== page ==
We 3D printed a scale model of the entire aorta along with its major branches in a transparent material for the purposes of endovascular simulation training. This project was undertaken together with Materialise, a 3D printing company based in Leuven, Belgium. A 6F sheath was inserted into a predesigned hole in each common femoral artery and the model was filled with regular tap water. This allowed the use of normal catheters/wires/balloons inside the model. We thought this may give a user a better understanding of how common endovascular tools behave whilst experiencing enhanced haptics including pushability, torquability, and trackability.Ninety-six physicians in training trialled the model under the supervision of an experienced interventional radiologist. Common endovascular tasks eg accessing the visceral vessels were performed. Candidates then rated their agreement with 12 statements regarding their training experience on a standard five-point Likert scale. The data from this was presented at CIRSE 2016 in Barcelona, Spain. Our data shows a trend towards “strong agreement” that this 3D printed model was a valuable learning tool for training in basic endovascular skills. Candidates also generally agreed that catheterisation of vessels and manipulation of the guidewire was “realistic” inside the model.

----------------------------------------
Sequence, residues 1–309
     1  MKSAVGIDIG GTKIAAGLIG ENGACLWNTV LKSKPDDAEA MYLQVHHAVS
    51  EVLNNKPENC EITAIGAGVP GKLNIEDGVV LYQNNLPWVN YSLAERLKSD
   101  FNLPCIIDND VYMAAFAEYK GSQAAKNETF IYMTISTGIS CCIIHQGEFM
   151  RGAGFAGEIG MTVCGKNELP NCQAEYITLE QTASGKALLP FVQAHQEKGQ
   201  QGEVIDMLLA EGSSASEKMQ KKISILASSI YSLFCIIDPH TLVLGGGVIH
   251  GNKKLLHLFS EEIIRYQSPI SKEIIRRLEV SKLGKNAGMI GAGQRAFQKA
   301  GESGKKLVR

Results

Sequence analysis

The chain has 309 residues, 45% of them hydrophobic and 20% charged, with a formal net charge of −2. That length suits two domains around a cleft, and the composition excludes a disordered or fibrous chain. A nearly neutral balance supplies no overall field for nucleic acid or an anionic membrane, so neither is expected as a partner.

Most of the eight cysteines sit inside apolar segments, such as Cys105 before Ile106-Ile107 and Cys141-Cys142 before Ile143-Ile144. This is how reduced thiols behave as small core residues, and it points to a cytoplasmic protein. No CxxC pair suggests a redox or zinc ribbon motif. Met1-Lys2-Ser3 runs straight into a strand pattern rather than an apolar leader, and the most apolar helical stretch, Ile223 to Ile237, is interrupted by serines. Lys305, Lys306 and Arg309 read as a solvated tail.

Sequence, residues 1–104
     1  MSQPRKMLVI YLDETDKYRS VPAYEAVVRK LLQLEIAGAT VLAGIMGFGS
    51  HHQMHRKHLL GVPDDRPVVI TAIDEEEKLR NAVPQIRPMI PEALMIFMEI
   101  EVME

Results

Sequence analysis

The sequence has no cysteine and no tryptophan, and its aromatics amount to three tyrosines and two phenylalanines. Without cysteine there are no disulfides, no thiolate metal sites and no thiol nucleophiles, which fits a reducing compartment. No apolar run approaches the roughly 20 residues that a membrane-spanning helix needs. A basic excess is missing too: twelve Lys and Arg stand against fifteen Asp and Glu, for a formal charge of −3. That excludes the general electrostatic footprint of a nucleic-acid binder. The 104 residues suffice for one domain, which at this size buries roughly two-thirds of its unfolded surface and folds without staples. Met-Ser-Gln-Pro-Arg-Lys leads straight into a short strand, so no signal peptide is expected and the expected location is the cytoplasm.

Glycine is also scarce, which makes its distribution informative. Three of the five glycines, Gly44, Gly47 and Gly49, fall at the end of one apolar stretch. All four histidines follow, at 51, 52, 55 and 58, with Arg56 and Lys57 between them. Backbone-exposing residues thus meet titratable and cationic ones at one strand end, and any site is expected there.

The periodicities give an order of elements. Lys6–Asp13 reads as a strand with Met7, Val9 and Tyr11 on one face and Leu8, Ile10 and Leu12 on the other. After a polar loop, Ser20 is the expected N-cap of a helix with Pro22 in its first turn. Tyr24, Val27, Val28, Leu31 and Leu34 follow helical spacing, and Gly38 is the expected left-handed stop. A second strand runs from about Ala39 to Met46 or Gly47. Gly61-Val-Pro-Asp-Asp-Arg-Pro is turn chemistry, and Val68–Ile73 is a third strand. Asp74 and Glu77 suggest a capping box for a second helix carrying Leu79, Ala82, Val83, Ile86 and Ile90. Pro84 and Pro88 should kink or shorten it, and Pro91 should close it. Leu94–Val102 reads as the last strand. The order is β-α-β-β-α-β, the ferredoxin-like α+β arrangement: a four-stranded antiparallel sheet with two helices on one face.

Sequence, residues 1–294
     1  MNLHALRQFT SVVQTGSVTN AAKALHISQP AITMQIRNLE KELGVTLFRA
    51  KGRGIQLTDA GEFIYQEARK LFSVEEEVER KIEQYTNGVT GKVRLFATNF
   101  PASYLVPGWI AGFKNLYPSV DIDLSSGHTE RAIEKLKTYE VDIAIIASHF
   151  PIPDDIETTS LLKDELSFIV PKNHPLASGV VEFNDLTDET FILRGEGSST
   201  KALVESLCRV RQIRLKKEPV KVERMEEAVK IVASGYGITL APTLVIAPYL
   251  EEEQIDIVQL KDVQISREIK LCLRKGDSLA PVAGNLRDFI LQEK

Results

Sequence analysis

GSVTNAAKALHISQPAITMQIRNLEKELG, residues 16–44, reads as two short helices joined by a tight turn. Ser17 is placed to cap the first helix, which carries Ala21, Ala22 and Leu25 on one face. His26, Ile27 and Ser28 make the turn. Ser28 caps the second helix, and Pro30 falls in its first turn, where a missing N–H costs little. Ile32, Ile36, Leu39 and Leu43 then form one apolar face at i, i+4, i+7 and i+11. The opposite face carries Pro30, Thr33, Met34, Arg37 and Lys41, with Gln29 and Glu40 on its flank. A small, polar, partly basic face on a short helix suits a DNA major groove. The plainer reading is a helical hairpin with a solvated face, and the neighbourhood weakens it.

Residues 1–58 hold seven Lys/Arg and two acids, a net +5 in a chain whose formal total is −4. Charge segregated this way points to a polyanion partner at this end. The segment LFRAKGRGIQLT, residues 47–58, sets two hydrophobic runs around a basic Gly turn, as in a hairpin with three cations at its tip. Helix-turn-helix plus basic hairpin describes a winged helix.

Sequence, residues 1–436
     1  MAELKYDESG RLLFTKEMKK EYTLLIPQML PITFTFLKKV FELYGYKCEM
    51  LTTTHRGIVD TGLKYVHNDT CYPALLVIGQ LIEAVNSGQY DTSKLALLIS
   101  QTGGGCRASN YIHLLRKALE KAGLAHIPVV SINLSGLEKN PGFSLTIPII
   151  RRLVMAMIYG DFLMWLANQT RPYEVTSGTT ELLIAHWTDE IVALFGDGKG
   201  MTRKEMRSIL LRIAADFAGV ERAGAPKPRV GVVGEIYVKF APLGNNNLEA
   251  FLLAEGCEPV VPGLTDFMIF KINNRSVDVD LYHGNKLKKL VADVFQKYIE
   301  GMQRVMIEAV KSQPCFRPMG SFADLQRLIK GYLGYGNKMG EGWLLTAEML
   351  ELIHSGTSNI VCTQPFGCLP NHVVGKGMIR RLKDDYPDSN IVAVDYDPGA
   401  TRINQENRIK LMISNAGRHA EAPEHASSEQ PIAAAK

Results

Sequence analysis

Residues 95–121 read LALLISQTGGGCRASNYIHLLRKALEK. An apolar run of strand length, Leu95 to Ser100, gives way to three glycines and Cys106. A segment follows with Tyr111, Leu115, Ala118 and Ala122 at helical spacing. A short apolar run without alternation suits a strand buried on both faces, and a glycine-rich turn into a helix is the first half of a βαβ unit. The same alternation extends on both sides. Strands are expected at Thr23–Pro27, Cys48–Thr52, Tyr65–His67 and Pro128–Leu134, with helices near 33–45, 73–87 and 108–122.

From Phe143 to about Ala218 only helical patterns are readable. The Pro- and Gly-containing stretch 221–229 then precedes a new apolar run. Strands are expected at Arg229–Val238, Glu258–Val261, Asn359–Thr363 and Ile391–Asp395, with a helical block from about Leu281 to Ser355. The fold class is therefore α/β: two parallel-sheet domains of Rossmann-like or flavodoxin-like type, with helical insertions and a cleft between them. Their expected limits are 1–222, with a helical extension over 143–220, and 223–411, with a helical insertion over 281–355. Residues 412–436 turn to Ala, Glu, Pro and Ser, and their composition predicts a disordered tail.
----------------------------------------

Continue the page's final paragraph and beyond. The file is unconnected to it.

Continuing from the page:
Where does 3D printing fit into the healthcare setting?

Despite a lot of excitement about 3D printing in healthcare, its exact role in healthcare has yet to be established. There are countless reports for unique uses of 3D printing, most of which centre around printing structures for improved anatomical understanding. Other areas include the printing of implants for craniofacial/skeletal surgery. As medicine is shifting towards a “personalised” instead of population-based approach, 3D printing reflects this theme by allowing patient specific products to be created.

How can 3D printing impact procedure planning/ simulation? Are there any data to suggest improved treatment outcomes from using 3D printing technology?

From an endovascular standpoint, 3D printing may be useful in procedural planning and device testing. For example, in the treatment of complex aneurysms, 3D printing can allow visualisation of an aneurysm and evaluation of stent graft suitability. The ability to physically test critical parts of an endovascular procedure using a 3D printed model might lead to reductions in procedure time and radiation exposure or improvements in outcomes and patient safety. However, at present, I am not aware of any large scale published data which demonstrates improved treatment outcomes from using 3D printing in endovascular practice or any other field of medicine. Biglino et al have published some data showing that the 3D printing of patient-specific models of congenital heart defects can improve communication between cardiologists and parents. It is imperative that data is obtained to establish the potential impact 3D printing can have on procedures in all areas of medicine.